Ideal pick: Javonte Williams, RB North Carolina
Round 5 (No. 160): Khalil Herbert, RB Virginia Tech
At this point, the board has gone to hell for Arizona, but there are plenty of options. Cornerbacks Shakur Brown, Deommodore Lenoir, and Marco Wilson are still available. Safety James Wiggins could stick around. All of the reasonable edge and interior defensive line options are long gone. However, the running back class still features plenty of options.
At 160, any combination of Herbert, Javian Hawkins, Kylin Hill, Jaret Patterson, Rhamondre Stevenson, and Pooka Williams should be available. My decision came down to Herbert and Hill because they have enough speed to get outside while still possessing the mass to break tackles.
Chase Edmunds is currently the only running back on Arizona’s roster to rush for over 100 yards in a single season. In three years with the Cardinals, Edmunds has 959 rushing and 610 receiving yards. Even if Kingsbury wants to sling it most of the time, his team needs at least one traditional running back.
Ideal pick: Hamilcar Rashed Jr., EDGE Oregon St.
Round 6 (No. 223): Patrick Johnson, EDGE Tulane
PFF and TDN differ significantly on where they think Johnson should go in the 2021 NFL Draft. PFF’s simulator had him come off the board in the top 100 picks while he fell to 223 for TDN. Both rankings make sense based on how the different sites evaluate players. Johnson made 21 sacks and 34 tackles for loss in his final three years at Tulane, giving him plenty of positively graded games in PFF’s model.
On the other hand, TDN sees the holes Johnson’s game displayed on tape and his physical shortcomings. One of the biggest concerns with Johnson is his subpar length, which will show up against NFL tackles. He’s also only 240 lbs., but that makes him a solid fit as a rush linebacker in Arizona’s 3-4 scheme.
The Cardinals already have plenty of gifted edge rushers. Chandler Jones and Watt are household names, but Devon Kennard has 17 sacks over the past three years while Markus Golden has 17. However, it’s always wise to have cheap, young players at key positions.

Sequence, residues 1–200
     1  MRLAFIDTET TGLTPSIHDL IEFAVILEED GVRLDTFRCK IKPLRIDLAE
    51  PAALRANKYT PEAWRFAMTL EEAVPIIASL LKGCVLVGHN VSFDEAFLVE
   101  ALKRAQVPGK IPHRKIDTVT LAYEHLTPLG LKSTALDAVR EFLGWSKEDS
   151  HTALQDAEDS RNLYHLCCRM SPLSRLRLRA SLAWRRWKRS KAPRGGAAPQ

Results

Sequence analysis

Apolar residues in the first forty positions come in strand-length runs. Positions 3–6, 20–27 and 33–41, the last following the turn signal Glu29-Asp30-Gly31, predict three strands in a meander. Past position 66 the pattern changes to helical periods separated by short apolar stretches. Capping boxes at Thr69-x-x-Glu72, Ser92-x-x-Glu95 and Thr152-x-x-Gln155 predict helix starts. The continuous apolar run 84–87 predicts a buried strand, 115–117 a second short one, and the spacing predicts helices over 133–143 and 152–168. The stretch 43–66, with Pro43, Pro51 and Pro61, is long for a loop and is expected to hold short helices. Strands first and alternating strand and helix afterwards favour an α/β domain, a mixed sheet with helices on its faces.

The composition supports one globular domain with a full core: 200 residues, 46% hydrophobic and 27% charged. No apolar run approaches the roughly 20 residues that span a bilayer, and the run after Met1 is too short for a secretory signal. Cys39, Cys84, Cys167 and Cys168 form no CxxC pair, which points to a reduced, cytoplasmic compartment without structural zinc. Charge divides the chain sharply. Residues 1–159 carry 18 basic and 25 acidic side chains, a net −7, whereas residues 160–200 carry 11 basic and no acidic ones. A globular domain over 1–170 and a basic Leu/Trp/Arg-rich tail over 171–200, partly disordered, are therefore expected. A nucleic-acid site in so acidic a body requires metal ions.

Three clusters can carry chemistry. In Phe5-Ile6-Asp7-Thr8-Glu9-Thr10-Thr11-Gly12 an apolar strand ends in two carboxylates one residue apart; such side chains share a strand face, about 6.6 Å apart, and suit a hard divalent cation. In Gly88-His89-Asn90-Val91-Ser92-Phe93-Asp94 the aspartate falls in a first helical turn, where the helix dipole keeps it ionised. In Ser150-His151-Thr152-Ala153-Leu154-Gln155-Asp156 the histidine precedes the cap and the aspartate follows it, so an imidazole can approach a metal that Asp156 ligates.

Other possible options at 223 include edge rusher Wyatt Hubert and cornerback Deommodore Lenoir. I’ve always said you can never have enough edge rushers and cornerbacks. Those positions are always worth drafting more players at, especially with these low-value picks.
Ideal pick: Rachad Wildgoose, CB Wisconsin
Round 7 (No. 243): Cornell Powell, WR Clemson
I’m not sure how realistic it is for Powell to fall this far, especially considering his breakout season at Clemson, but he made it to the seventh-round for TDN. That’s good enough for me. Powell was a non-factor heading into the 2020 college season, but he turned the narrative around quickly. The senior thrived in the absence of Tee Higgins and Justyn Ross.
Powell has a chance to be as effective as Christian Kirk at a fraction of the cost. I loved Kirk coming out of Texas A&M three years ago, but his production remains erratic. The former second-round pick hasn’t gotten any better despite getting more targets, and he’s in the final year of his rookie deal.
The Cardinals won’t bring back A.J. Green or Kirk next season, and no one knows what’s going on with Larry Fitzgerald. That’s a lot of production Arizona needs to fill, and Powell can answer the call as a cheap, all-around receiver.
Ideal pick: Elijah Mitchell, RB Louisiana
Round 7 (No. 247): Tony Poljan, TE Virginia
At 6-7, 265 lbs. with over 33-inch arms, Poljan is worth investing a seventh-round pick in. He was originally a quarterback for Central Michigan before transitioning to tight end full-time in 2019. Poljan caught 71 passes for 907 yards and ten touchdowns over the past two seasons.
Poljan isn’t sudden and lacks a quick release. For now, he’s a large, lumbering body that offers upside as a blocker. However, teams should look at Poljan and imagine what he could become in two or three years. This is a long-term investment that could yield the next Logan Thomas, or an elite red zone threat at least.
Ideal pick: Matt Bushman, TE BYU